art would be much stronger with almost any other type of mechanism. But valves and their operating gear are so widely interchangeable as practically to constitute an art in themselves and to leave little room for invention in incorporating one type or another in widely differing kinds of separating apparatus.
Having taken the Viesbeck mechanism it would not, in my judgment, constitute more than an engineering improvement, falling short of invention, to further provide for the delay of the movement of the upper gate valve until the filling of the refuse chamber with water, as an additional safeguard, by the use of an automatic pressure switch which responded to the filling of the chamber. Having determined upon an automatic delay, the idea of a pressure switch operated by the fluid of the filled chamber follows naturally. In fact, it is difficult to see what other method could be adopted. Pressure switches are admittedly standard equipment, and the addition of the pressure switch to this type of valve is not, in my judgment, invention.
I have no doubt that the valve gear of the patent in suit was an improvement over the older valve operating mechanisms which had been successfully used. But when we consider the high degree of efficiency which through modern training ordinary mechanical engineers have attained, and that devices which seem remarkable to the layman are ordinary standard practice, it is impossible to find invention in this structure.
No. 1,937,190 ("Rectilinear Flow")
Claims 1 and 2
The validity of this patent has not been put in issue. Its infringement at the beginning of the operation of the Tamaqua plant was admitted. The only question is how long that infringement continued. I find as a fact that the infringement continued until November, 1935, or for a period of about a month, when the vertical baffles were removed and the structure now used was installed. Since that time there has been no infringement for several reasons: first, because of the removal of the bafflles; second, because the rotating rakes are close enough to the surface of the fluid in the cone to produce a rotary and not a rectilinear flow; and third, because the feed of the coal is below the top of the rakes and within range of the most pronounced rotary motion of the fluid medium.
I find that, since the date of the making of this change, this patent has not been infringed.
No. 1,949,242 ("Independent Water Refill")
Claims 2 and 3
This patent has for its principal object the separation of the source and means for introducing the agitation water from the source and means for introducing the water necessary to fill the refuse chamber. The difficulty with the former system was that the agitation water had to be delivered under a steady head, whereas the refuse chamber was emptied from time to time and required an intermittent and sudden influx of water to fill it. If, as in the "water-on-bottom" patent, these two functions were performed by the same system, you would have irregularities in the flow of agitation water and disturbances in the cone which obviously were to be avoided. The illustration given by the defendant of the bathroom equipped with toilet, wash basin and shower is a good one, the toilet corresponding to the refuse chamber, the wash basin to the agitation water, and shower to the wash water. If the plumber fails to separate these systems, the basin and shower will be cut off or cut down whenever the toilet is flushed. Every modern system makes a separation of systems by means of an independent refill tank for the toilet, and this is approximately what this patent does. The claims in suit, however, are not nearly as broad as that, and, in addition, they disclose another secondary object, which is to fill the collecting tank and the refuse chamber by gravity without the expenditure of additional energy in pumping. This is done by putting the filling chamber below the sand sump but not above the level of the refuse chamber.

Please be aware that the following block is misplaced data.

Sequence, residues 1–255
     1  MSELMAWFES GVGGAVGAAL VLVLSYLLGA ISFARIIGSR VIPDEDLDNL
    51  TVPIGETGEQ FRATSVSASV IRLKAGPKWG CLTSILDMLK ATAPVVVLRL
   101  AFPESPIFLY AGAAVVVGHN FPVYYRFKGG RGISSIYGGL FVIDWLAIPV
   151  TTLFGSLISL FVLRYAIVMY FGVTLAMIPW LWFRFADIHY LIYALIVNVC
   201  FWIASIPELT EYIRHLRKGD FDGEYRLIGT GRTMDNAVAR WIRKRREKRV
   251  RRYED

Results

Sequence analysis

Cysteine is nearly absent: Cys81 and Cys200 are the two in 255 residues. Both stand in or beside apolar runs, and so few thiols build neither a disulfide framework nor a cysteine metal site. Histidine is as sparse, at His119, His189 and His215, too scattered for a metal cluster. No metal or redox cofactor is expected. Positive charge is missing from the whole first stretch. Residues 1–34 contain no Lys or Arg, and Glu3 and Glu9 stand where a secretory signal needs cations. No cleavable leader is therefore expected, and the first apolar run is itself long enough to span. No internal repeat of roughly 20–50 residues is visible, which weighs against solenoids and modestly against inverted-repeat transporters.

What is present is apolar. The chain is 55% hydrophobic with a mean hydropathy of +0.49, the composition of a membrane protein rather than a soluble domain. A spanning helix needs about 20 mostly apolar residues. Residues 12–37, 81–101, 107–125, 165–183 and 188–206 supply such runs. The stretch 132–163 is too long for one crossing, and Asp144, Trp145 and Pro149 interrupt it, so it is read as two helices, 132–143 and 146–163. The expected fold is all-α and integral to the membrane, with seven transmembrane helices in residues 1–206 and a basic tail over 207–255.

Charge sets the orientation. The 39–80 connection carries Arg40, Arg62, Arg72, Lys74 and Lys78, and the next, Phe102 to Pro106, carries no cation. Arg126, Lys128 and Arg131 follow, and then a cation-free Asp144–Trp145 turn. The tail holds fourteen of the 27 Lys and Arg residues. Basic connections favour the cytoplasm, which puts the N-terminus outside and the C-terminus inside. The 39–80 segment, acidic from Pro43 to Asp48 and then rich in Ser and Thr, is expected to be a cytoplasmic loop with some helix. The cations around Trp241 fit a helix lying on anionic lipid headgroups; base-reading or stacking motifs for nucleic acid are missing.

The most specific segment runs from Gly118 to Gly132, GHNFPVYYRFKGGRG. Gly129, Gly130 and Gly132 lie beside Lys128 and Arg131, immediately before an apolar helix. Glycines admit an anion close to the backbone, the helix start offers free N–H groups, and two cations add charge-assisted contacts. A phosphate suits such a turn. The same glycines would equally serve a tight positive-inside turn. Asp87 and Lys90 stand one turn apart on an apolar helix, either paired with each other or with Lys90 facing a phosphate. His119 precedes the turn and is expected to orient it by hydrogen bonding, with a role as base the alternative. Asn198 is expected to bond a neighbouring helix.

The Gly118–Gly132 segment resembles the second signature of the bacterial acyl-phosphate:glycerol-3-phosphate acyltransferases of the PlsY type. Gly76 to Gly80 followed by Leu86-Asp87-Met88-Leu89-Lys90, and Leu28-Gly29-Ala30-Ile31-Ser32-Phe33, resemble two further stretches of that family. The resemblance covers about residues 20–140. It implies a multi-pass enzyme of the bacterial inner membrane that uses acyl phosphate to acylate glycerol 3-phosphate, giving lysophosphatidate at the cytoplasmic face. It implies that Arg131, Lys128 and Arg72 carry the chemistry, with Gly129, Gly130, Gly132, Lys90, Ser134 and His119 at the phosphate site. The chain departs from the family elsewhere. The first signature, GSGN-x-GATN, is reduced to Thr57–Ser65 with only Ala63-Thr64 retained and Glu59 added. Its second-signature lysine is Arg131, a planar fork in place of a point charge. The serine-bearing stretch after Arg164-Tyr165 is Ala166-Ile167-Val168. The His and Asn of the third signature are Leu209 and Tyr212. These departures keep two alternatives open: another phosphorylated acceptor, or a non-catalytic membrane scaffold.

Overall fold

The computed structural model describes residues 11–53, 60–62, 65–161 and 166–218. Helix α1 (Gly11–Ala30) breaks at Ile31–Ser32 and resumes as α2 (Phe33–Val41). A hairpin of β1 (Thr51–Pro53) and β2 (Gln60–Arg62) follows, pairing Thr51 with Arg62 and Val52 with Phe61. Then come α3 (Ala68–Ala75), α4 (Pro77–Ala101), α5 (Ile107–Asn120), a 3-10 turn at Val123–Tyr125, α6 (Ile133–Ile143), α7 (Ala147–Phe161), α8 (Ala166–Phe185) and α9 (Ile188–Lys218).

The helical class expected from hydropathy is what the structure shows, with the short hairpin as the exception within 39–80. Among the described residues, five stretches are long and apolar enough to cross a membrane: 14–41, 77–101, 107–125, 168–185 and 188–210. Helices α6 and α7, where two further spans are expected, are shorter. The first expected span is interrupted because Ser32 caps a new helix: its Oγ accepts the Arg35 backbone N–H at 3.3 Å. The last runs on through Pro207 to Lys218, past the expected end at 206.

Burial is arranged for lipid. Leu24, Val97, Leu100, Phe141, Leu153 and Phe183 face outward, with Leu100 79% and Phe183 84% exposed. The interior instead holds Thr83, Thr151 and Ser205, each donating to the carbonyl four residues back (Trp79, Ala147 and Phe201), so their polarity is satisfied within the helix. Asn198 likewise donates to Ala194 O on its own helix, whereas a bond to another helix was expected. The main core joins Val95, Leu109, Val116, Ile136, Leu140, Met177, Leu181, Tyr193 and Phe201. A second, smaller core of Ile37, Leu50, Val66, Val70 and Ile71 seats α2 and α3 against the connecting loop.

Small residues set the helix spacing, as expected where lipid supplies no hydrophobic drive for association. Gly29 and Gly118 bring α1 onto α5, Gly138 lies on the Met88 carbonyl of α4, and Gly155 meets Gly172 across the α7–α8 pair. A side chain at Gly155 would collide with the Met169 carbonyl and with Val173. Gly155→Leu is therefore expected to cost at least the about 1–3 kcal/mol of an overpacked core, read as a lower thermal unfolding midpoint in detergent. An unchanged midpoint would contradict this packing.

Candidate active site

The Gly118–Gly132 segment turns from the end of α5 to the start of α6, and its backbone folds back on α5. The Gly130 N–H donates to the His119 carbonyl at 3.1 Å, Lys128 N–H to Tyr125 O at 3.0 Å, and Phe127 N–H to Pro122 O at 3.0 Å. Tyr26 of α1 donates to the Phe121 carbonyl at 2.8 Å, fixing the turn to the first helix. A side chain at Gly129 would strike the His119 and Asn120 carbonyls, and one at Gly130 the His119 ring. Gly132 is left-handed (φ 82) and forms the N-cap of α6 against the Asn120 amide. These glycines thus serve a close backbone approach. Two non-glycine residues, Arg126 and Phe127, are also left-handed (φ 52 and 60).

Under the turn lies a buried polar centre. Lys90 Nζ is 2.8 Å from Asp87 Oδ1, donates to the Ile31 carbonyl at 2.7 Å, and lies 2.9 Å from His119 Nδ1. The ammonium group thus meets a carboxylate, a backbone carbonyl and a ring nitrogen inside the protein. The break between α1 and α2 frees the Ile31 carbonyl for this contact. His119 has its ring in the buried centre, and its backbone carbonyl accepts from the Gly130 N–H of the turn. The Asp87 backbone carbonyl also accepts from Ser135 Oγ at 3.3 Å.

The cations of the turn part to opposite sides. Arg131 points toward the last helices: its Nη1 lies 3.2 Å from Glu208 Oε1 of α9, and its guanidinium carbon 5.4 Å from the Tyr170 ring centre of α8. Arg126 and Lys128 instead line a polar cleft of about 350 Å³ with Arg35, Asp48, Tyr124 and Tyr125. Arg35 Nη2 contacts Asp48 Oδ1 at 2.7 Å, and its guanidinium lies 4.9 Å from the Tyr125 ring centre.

Both claims in suit call not only for means to discharge the water from the sand sump into the filling chamber, but also for means connecting the upper part of the sand sump directly with the filling chamber. Without regard to the importance of this element, there is no question that both the claims include it as part of the combination, and I do not see how infringement can be found unless it is present.
The defendant's accused system at Tamaqua contains no such element or any equivalent, and consequently does not infringe. None of the water in its system used for the independent filling of the refuse chamber can come directly from the sand sump, but all of it goes into a refill chamber and thence into the refuse chamber. Consequently these claims are not infringed.
The defendant also argues that it does not infringe because, before the water in allowed to flow by gravity into the refuse chamber, it is raised by pump to the refilling chamber. Hence, says the defendant, it does not infringe because its means are not "means permitting the fall of the liquid so collected * * * into said chamber." I think that this point is well taken. It seems to me that the entire intent of the patent with respect to its secondary purpose is the use of gravity only as the force to refill the refuse chamber, and the mere fact that there is gravity fall from the refill chamber to the refuse chamber is not sufficient to infringe the claims. In other words, the introduction of a pump would seem to entirely defeat one of the express purposes of the patent, although it is undoubtedly a secondary purpose. It is not necessary, however, to put noninfringement upon this ground, since it seems to me so clear upon the other.
Since there is no infringement the question of validity is not passed upon.
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